Tim Keller

May 1, 2023

“No one can come to me unless the Father who sent me draws them, and I will raise them up at the last day.”

John 6:44

What is Jesus saying?

In John 15:16 Jesus says, “You did not choose me—but I chose you…” Here in 6:44 he explains why. He is saying that left to yourself you would never seek me or choose me. You are incapable of that on your own. God must choose you and open your mind and heart to the beauty and truth that, without his help, you would repress and resist.

So Jesus is saying—you aren’t chosen because you believe—you believe because you are chosen (cf. Acts 13:48; 16:14).

Why we find this ‘hard’

Most people in western societies respond quite negatively to this statement. “What?” they often exclaim, “Is this saying I don’t have free will?”  That’s insulting!

Actually, that is not exactly what Jesus is saying here. Imagine you had on your right hand a great, savory plate of fried chicken, and on your left a plate of raw, sliced monkey brains. Now imagine you asked—which will you eat? And imagine you were given this choice 100 times—how often would you choose the monkey brains. Probably never. Why? Not because you lacked the freedom to choose the brains—but because you lacked any desire for them at all.

It is the same with God. Every human being has the freedom to choose to live for God rather than for something else—but no human being has the desire. We are profoundly bent toward self-rule, self-aggrandizement, self-interest, self-determination. Sin makes us think our deepest desires for love and beauty will be fulfilled in various created things—money, power, achievement, sex, family—but unless God shatters that illusion and opens our minds and hearts to true Love and Beauty—we will never find it. 

So there is a sense in which this is insulting to us. Our sinful hearts resonate to the words William Ernest Henley’s Invictus –“I am the master of my fate; I am the captain of my soul.” No you are not, says Jesus. I am.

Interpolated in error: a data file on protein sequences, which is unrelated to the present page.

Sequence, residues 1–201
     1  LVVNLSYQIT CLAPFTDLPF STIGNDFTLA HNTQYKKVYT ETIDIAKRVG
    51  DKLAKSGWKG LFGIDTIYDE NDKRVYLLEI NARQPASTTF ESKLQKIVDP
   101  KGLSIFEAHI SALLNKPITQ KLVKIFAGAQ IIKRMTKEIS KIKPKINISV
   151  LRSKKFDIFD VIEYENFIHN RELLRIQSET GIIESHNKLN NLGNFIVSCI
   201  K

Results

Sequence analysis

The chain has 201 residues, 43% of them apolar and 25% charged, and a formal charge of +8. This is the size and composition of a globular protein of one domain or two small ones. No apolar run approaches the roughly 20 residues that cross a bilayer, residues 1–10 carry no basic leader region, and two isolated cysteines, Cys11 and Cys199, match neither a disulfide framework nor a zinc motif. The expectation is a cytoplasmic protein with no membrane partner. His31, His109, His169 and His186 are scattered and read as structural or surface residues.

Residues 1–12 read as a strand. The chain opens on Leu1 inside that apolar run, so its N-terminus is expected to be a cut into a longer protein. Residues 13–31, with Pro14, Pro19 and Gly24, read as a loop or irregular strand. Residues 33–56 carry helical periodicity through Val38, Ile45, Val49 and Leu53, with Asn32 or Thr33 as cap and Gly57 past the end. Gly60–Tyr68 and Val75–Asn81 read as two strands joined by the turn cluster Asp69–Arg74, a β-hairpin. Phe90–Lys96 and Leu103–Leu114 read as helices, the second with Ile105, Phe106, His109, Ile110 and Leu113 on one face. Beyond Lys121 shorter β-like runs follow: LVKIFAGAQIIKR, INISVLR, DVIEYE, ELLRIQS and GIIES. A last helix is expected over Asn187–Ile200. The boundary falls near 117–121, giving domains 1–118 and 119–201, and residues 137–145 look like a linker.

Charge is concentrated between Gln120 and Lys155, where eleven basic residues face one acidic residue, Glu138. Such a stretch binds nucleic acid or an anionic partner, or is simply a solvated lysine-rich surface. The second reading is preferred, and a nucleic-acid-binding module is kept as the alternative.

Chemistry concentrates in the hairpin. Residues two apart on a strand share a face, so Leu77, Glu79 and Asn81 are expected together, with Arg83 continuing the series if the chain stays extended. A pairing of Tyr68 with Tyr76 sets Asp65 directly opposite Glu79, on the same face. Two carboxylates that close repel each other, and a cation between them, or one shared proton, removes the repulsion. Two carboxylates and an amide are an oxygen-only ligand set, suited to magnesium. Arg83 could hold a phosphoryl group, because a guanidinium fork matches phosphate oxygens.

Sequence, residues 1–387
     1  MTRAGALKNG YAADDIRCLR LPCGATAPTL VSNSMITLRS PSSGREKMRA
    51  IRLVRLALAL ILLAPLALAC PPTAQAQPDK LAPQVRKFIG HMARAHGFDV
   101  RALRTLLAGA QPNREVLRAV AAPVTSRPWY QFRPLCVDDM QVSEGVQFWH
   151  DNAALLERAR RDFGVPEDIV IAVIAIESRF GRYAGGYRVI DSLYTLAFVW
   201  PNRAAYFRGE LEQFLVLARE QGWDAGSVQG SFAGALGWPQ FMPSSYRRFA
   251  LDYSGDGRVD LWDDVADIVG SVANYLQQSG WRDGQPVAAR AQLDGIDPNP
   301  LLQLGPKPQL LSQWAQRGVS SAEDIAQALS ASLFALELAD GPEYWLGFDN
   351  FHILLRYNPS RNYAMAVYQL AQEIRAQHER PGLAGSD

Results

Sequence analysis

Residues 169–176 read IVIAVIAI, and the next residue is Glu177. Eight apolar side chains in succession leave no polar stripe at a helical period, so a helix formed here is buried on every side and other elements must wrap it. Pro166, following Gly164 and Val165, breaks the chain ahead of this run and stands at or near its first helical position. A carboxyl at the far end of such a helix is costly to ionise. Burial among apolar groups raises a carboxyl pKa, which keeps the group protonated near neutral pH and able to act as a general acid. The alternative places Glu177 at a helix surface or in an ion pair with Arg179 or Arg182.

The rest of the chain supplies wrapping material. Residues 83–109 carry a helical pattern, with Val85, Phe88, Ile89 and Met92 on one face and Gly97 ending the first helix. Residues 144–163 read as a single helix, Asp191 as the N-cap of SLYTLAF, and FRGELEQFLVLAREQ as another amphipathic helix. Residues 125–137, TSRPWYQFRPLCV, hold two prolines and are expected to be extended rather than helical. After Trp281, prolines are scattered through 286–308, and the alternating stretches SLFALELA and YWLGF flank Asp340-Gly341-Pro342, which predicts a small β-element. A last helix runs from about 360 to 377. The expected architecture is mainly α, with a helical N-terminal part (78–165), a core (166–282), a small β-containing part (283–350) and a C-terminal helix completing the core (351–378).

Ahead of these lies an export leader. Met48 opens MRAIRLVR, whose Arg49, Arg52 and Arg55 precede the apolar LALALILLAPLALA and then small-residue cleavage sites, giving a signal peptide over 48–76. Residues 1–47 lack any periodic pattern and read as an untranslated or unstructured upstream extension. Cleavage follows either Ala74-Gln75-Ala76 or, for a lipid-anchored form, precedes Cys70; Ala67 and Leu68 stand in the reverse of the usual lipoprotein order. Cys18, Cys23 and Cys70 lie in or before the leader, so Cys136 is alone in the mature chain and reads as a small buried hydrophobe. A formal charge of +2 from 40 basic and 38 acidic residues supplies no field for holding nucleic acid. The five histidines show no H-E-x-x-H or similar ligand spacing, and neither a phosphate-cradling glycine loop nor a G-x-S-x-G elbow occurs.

How we can find this infinitely sweet.

Years ago when as a college student I was struggling with the idea of election (I didn’t like it!) I heard a teacher (who believed in election) ask a Christian girl a question: “Why are you a Christian and others are not?”

She answered  “Because I believed.” He says, “Right. Why do you believe and so many others do not? ” She said, “I guess because I repented.” He said, “Good. Why did you repent and so many other people haven’t?” She said, “Well, because I admitted I was a sinner.” He said, “Right. Why did you admit and others did not?” And it dawned on me. If I’m chosen because I believe, that means I’m a Christian because I’m a little better, I’m a little wiser, I’m a little humbler. There’s something in me that’s better. What that means is there is something in me that brought the grace of God into my life that if I lose that, I lose it. But if I believe because I’m chosen, that means the love of Christ has come into my life unconditionally. Unconditionally! It means there’s no way I can lose it. There’s security. It also means there is absolutely nothing about me that makes me any better than anyone else. There’s humility. God is a God, therefore, of absolute and complete and sheer grace.

Notice it doesn’t say that the Father drives us but draws us—showing us the beauty of Jesus’ sacrificial love. The doctrine of election by grace is therefore, a bit like hard candy—at first, on the outside—it seems hard, but inside is infinite sweetness.

Tim Keller is the founding pastor of Redeemer Presbyterian Church in New York City.